Re-emergence of Symptoms of Posttraumatic Stress Disorder in a Homeless Woman

| November 8, 2007 | 0 Comments

by Ann Morrison, MD; and Beth McIlduff, MD

Dr. Morrison is Associate Professor of Psychiatry, Boonshoft School of Medicine, Wright State University, Dayton, Ohio; Dr. McIlduff is a first-year resident in psychiatry at Northwestern, University in Chicago, Illinois; and Dr. Gillig is Professor of Psychiatry, Boonshoft School of Medicine. Wright State University, Dayton, Ohio.

Editor Note

All cases presented in the series “Psychotherapy Rounds” are composites constructed to illustrate teaching and learning points, and are not meant to represent actual persons in treatment.

Abstract

Posttraumatic stress disorder is commonly found in people experiencing homelessness; however, due to the high rates of other disorders, it may be undetected. In this article, we describe a woman previously recovered from depression and addiction who suffered from reactivation of traumatic symptoms following media exposure to Hurricane Katrina. Supportive psychotherapy with behavioral strategies are also described.

Key Words

posttraumatic stress disorder, reactivation, homelessness, natural disaster

Introduction

The importance of trauma and reactivation of traumatic experiences as a source of psychological distress has been of increased interest over the last several decades. Historically, combat stress has attracted a great deal of research interest, but more recently, reaction to natural and man-made disasters have been described extensively. Indeed, the psychological effects of Hurricane Katrina have already been reported.[1,2] There have also been descriptions of reactivation of symptoms (posttraumatic stress disorder or PTSD) when a traumatic event, such as a hurricane, occurs.
Hurricanes are common along the Gulf Coast of the United States. Many people have experienced more than one episode of displacement or devastation from these storms in the course of their lifetimes. We report the experience of a composite patient who, as a child, endured the peril of Hurricane Camille and then as a homeless adult in a Midwestern city experienced a recurrence of trauma symptoms following media exposure to the widespread coverage of Hurricane Katrina.

Case Presentation

Karen was a 49-year-old Caucasian woman who lived in the Midwest and who presented for treatment to our facility in the fall of 2005. Hurricane Katrina had just devastated the Gulf Coast, destroying cities, towns, and countryside and leaving thousands of people with no contact to family and friends. Images of flood waters, ravaged homes, and stranded people dominated the news on television, in newspapers, in magazines, and the internet. Karen began to become increasingly anxious about members of her family who lived on the Gulf Coast, lost sleep due to frightening dreams of drowning people, and experienced unusual irritability and more severe temper problems.

Prior to obtaining additional history, the patient was initially diagnosed as experiencing an adjustment disorder with anxious mood. This is because her symptoms occurred within three months of an identified stressor and impaired her social and occupational functioning. However, she was in fact experiencing PTSD, with a re-occurrence of major depressive disorder.

Karen had been homeless for several years. She was able to find and keep only occasional, short-term employment. She had a history of depression and substance use disorders (primarily alcohol dependence but also cocaine abuse), both of which were in remission. Despite difficulties accessing treatment, her depression had been treated successfully (until this point) with sertraline 100mg daily, and she had undergone rehabilitation for substance abuse and had been sober for two years. She was currently staying at a nearby shelter and was sustaining a long-term relationship with her boyfriend.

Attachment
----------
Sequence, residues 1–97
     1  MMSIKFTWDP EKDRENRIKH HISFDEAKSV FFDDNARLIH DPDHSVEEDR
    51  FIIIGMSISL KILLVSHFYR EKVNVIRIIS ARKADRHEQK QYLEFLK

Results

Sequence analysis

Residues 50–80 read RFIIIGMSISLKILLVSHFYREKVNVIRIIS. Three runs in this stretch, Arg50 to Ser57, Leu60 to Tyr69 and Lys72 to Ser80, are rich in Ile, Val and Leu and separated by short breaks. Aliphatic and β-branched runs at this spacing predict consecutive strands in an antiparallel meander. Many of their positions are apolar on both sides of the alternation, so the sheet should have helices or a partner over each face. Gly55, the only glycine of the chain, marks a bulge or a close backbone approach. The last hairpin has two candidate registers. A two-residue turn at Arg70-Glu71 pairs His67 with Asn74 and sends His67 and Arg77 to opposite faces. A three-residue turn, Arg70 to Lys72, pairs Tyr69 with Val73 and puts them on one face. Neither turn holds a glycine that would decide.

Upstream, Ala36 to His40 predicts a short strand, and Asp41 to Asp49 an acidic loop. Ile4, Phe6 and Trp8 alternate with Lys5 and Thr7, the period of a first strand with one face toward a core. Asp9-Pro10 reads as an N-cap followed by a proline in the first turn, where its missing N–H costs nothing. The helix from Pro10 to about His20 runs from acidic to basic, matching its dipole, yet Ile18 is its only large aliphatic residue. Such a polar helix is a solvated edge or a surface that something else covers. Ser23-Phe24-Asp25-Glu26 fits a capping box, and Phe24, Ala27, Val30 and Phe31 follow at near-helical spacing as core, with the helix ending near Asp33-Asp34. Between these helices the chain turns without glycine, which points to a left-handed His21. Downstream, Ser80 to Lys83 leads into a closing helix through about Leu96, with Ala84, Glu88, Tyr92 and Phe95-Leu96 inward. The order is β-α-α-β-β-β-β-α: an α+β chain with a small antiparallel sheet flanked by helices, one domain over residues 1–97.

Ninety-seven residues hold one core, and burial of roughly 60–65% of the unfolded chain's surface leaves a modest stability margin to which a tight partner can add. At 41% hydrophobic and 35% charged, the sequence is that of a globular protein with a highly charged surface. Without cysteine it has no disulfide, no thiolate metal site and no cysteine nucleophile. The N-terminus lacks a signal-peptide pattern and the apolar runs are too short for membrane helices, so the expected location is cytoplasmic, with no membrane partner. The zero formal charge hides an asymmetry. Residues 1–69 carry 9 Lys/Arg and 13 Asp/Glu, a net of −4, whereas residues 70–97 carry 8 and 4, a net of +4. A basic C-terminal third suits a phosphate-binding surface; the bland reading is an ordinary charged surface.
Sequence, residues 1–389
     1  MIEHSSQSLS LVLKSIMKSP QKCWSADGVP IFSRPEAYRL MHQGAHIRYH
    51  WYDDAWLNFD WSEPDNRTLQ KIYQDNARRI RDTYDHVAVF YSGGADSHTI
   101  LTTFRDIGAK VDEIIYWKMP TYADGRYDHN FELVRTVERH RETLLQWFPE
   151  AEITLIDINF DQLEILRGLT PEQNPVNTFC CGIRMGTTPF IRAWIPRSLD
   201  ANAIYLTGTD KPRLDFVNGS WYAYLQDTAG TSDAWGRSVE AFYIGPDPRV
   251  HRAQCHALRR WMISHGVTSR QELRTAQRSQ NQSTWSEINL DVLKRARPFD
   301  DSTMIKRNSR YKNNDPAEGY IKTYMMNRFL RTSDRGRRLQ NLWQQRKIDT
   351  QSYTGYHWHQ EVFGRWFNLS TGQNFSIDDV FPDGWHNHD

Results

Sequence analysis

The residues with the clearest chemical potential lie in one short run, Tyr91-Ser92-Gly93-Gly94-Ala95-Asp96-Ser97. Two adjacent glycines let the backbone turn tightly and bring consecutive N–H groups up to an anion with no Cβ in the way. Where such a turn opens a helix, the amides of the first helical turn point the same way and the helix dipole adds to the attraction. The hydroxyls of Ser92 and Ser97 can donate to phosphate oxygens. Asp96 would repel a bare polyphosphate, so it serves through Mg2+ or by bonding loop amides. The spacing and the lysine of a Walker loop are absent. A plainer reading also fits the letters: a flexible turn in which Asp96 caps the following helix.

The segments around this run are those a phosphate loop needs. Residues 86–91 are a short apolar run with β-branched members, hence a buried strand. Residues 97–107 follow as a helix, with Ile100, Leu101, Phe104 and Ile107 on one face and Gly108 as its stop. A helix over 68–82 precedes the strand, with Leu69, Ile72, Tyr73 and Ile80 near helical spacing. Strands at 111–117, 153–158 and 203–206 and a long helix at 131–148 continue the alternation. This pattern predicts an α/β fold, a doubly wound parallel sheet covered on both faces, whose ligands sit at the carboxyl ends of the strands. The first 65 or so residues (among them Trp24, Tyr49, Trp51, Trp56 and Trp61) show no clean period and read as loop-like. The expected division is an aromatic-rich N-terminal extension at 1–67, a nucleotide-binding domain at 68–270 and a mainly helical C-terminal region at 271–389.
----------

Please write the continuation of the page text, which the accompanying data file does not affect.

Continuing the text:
The recent stress of Hurricane Katrina was beginning to disrupt her daily life and threatened to jeopardize her sobriety. She was losing sleep at night and becoming somnolent during the day. She noticed that she was quickly annoyed by people, becoming angry and often losing her temper. She was getting into more arguments, which were escalating close to the point of violence. She believed that her sleep deprivation, anxiety, and anger were leading her to consider drinking again.

Practice Point: Mental Illness and Addiction Among Homeless Individuals

Karen, like many individuals experiencing homelessness, had prior struggles with depression and alcoholism. Rates of psychological illness reported by homeless people are high. Alcohol use problems are endorsed by 38 percent, 26 percent report other drug use, 39 percent report some form of mental health problem, and 20 to 25 percent have serious mental illnesses.[3] Co-occurring disorders are common among the homeless and are a risk factor for chronic homelessness. Up to 50 percent of people with serious mental illness who are homeless have a co-occurring substance use disorder.[3]

Supportive Therapy

Supportive therapy, as summarized by Kay and Kay,[4] provides psychological stabilization by strengthening the patient’s defenses and improving coping ability. Prevention of decompensation and regression by focusing on overcoming current problems is emphasized. Supportive techniques described by Kay and Kay and which we predicted would be helpful to Karen in dealing with her acute stress included empathic listening, measured advice and reassurance, and suggestions to improve coping skills. Her prior history of major depression and substance use as well as her homeless condition also influenced the choice of supportive therapy, as she had neither a sufficiently stable psychological state nor environment to utilize the learned techniques in therapy, which might lead to regression and risk further decompensation and relapse in an especially vulnerable individual.